TJ5.6 Impacts of an Airborne Doppler Wind Lidar on Tropical Cyclone Analyses and Forecasts

Tuesday, 24 January 2017: 9:45 AM
607 (Washington State Convention Center )
Lisa Bucci, University of Miami and NOAA/AOML, Miami, FL; and G. D. Emmitt, C. O'Handley, J. Zhang, K. Ryan, and R. Atlas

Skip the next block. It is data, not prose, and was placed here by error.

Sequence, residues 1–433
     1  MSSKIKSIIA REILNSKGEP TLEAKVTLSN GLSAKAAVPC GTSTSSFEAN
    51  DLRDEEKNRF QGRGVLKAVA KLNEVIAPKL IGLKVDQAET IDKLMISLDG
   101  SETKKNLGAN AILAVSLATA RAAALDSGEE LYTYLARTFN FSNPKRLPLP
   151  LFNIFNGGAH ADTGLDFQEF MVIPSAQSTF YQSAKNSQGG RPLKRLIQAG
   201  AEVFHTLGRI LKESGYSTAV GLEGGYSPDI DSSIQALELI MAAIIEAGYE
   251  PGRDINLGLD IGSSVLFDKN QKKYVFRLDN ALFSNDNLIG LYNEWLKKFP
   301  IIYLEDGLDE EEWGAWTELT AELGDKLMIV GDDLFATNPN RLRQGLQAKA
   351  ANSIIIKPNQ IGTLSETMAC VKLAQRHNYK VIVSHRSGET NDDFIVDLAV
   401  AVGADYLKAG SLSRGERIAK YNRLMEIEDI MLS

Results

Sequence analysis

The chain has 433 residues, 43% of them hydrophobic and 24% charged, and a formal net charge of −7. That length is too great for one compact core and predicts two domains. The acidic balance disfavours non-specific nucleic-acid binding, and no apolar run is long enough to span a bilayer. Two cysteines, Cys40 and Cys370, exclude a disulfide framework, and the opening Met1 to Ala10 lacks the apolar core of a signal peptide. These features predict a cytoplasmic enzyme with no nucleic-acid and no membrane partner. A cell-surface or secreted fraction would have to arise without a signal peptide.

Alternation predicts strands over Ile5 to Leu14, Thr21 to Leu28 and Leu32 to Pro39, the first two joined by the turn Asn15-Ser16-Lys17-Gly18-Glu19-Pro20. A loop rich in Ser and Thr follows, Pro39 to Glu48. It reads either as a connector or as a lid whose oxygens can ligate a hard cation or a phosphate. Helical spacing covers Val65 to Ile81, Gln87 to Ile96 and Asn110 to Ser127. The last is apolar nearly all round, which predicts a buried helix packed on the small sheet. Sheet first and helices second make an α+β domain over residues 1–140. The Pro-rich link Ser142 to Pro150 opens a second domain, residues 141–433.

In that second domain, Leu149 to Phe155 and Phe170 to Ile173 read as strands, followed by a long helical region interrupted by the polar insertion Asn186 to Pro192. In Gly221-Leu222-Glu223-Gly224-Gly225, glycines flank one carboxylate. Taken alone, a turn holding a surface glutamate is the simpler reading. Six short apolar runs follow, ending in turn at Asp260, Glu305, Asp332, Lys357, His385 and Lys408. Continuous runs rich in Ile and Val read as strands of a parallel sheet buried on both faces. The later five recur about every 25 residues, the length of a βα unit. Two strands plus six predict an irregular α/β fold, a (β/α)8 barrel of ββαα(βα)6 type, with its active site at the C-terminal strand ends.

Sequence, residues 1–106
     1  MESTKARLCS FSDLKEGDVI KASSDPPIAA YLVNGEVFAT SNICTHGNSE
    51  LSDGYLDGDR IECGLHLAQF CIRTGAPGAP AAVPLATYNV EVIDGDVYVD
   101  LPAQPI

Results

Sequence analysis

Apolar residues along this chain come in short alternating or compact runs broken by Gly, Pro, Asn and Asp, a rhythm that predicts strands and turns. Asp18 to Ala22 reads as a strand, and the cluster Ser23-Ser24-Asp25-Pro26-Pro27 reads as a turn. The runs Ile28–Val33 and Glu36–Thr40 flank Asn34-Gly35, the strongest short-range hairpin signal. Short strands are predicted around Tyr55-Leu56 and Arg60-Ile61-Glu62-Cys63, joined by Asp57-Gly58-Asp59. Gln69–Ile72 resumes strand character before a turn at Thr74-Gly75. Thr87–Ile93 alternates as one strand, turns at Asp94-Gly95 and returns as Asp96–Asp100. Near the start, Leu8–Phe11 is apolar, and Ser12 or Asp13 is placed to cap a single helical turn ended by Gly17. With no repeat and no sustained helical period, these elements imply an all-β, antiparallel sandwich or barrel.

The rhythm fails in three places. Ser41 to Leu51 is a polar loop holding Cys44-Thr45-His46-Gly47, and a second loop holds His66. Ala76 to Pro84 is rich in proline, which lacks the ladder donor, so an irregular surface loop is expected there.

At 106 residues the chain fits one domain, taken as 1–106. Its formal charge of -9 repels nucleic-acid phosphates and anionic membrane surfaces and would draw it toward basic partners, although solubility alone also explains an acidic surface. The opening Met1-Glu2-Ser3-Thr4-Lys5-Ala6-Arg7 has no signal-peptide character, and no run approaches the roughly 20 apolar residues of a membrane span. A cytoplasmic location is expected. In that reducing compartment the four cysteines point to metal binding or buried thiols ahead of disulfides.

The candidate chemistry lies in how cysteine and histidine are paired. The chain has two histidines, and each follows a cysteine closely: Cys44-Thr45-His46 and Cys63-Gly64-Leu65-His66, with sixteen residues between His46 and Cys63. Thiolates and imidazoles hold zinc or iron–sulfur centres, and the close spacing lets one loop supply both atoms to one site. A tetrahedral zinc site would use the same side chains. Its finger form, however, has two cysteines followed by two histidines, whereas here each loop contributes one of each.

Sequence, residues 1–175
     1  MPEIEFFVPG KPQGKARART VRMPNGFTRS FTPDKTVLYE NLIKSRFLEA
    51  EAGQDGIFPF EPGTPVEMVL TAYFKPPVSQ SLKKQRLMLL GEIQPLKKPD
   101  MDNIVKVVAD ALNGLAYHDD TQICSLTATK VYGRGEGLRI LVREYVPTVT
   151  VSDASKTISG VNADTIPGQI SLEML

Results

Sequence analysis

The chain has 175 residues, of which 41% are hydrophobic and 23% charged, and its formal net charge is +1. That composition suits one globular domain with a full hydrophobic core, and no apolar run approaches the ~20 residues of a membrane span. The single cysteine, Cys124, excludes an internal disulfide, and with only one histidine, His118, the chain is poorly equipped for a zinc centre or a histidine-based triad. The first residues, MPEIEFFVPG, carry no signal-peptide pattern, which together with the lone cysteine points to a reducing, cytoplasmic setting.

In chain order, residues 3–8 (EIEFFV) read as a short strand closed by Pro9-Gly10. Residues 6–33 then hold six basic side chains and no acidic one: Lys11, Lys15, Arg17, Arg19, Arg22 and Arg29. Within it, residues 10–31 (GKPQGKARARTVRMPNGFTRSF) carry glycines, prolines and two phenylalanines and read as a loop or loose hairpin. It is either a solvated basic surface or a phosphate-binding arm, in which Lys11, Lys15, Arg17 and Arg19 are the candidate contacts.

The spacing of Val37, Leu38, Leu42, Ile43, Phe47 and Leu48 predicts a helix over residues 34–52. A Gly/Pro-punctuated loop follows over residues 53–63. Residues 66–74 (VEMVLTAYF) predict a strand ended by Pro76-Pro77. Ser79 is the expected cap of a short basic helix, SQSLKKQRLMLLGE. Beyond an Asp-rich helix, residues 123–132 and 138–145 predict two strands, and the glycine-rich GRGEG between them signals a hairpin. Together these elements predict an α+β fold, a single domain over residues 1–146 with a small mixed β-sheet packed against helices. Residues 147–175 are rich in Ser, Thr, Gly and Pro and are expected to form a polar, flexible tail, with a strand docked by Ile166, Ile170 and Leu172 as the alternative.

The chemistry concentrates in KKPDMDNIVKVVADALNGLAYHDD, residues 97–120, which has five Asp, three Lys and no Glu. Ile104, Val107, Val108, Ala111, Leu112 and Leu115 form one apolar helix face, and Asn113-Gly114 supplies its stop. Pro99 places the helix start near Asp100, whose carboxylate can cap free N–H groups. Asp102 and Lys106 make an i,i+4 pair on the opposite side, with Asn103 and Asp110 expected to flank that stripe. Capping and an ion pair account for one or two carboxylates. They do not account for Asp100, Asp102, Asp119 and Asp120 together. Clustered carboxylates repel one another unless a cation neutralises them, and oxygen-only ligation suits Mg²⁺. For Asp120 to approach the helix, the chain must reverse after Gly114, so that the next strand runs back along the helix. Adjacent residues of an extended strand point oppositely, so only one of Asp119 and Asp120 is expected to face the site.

The initial structure of Tropical Cyclones (TCs) in numerical models remains a limiting factor for TC forecasts. Instruments flown on the NOAA’s P3 Orion Hurricane Hunter Aircraft provide in situ inner-core observations of Atlantic TCs.  The Tail Doppler Radar (TDR) provides the most comprehensive coverage of the wind field in TCs.  TDR has the ability to measure winds in areas of precipitation but outside of these regions and below about 1 km, it either cannot make observations or the data is less reliable.  Doppler Wind Lidar (DWL) was flown in two West Pacific typhoons in 2008.  Pu et al. (2010) showed short-term improvements in TC track and intensity forecasts by assimilating DWL data.  In the 2015 and 2016 hurricane season, an airborne DWL was flown for the first time on the P3 Orion into TCs of different intensities in the Atlantic and East Pacific.  This study presents results that demonstrate the impact of airborne DWL measurements on the numerical simulations of the sampled TCs.  Using the Hurricane Weather Research and Forecast (HWRF) model and different data assimilation systems, results show DWL data as a complementary observation set to data from the TDR.
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